Covid-19 deaths and wrongful death claim for nursing homes

April 30, 2021

Covid-19 deaths and wrongful death claim for nursing homes

wrongful death claims for nursing homes

Since early April 2021, more than 130 thousand residents of long-term care facilities have dies from Covid-19. This data comes from CMS (Centers for Medicare and Medicaid Services) which regulates long-term care facilities. Could this result in a wrongful death claim?

It’s not possible to prevent every single death since the elderly are highly susceptible to severe complications caused by Covid-19. But sometimes, the nursing homes didn’t do all they could and take the proper precautions.

This isn’t however a sudden issue. There have been serious systemic problems that plagued nursing homes for many years and they certainly played a big role in putting residents at risk from the virus.

In the event that a nursing home is understaffed, fails to properly isolate infected residents or employs staff that have been in contact with other infected people or another form of negligence, there might be ground for a wrongful death claim.

At Schenk Podolski, no claim is insignificant or too small. We are here to review your situation, to provide proper legal consultation and to make sure that you receive maximum compensation for your loss.

Wrongful death claim due to nursing home’s negligence in fighting Covid-19

The most important and central question in any wrongful death claim is negligence on behalf of the service provider, in this case, the nursing homes.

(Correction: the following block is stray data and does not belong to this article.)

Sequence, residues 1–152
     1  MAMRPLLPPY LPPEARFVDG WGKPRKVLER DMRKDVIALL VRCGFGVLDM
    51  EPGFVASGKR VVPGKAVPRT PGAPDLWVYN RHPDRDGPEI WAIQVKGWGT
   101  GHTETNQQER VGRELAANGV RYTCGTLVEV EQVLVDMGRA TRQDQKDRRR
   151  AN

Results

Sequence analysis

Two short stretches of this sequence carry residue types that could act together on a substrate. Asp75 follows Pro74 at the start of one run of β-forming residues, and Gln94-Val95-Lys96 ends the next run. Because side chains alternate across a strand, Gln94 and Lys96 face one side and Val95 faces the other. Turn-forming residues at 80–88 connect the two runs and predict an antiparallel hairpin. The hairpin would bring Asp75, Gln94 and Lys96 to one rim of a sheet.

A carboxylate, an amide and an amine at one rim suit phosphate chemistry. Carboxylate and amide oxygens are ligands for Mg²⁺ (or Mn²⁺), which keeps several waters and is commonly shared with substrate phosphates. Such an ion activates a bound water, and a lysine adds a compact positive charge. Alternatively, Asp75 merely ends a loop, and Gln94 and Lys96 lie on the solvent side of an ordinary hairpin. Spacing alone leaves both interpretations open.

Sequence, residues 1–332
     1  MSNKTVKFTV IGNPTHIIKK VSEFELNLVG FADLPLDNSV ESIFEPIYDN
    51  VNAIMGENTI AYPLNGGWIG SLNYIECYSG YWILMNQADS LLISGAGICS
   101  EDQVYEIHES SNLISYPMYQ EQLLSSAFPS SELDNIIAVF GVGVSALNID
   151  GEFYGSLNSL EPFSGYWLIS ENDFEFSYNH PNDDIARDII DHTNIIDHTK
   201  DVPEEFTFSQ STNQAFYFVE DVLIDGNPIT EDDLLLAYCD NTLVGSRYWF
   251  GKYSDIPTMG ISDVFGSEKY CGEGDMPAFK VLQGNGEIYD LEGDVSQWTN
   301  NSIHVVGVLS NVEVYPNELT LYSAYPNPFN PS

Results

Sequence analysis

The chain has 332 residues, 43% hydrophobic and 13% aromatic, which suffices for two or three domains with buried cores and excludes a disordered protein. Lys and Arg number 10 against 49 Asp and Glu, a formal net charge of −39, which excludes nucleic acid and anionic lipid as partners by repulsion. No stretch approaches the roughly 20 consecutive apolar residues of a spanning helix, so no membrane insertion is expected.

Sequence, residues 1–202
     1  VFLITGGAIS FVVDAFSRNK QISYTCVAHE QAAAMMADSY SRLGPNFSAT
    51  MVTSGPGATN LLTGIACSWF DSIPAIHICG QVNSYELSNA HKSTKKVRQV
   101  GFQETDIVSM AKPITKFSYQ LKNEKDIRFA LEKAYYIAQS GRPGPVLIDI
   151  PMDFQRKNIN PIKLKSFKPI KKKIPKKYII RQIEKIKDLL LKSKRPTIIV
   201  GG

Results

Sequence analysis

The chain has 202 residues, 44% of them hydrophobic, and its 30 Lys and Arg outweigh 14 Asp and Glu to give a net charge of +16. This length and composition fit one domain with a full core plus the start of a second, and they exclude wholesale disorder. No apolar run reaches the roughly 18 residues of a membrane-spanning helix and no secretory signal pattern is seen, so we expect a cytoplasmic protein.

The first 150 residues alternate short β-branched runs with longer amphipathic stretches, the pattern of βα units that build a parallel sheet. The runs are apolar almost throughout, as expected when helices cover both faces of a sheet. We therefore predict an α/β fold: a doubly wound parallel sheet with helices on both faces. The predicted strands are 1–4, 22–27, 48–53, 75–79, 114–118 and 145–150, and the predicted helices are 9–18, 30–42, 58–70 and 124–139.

When we evaluate your case, there are a lot of things we need to assess in order to determine whether the nursing home or its staff was negligent.

Did they know how to slow the spread?

In the last year or so, the medical community has learned a lot about the virus. At the start of the pandemic, back in March 2020 CMS has released guidance on infection control for nursing homes and long-term care facilities. In these guidelines, that are also based on the guidelines defined by the CDC, it was clearly defined how to slow the spread of the virus. The recommendations included:

  • That the nursing homes and long-term care facilities actively screen both residents and personnel for respiratory symptoms
  • They should restrict visits except in cases of compassionate care
  • They should restrict both nonessential personnel and volunteers

These guidelines were constantly updated with new information and measures throughout the pandemic. For example, the nursing homes and facilities were strongly advised to screen anyone who enters the facility, regardless whether that’s a resident, staff member, health care worker or vendor.

Every nursing home and long-term care facility should ask about Covid-19 symptoms and conduct temperature checks. Residents had to have their temperature checked every day and needed to have their symptoms assessed.

For facilities in state where there was a state of emergency, all personnel was advised to wear face masks and to wear PPE (personal protective equipment) whenever they provide care for a resident who shows symptoms of Covid-19, whether they only suspect or have a confirmed case.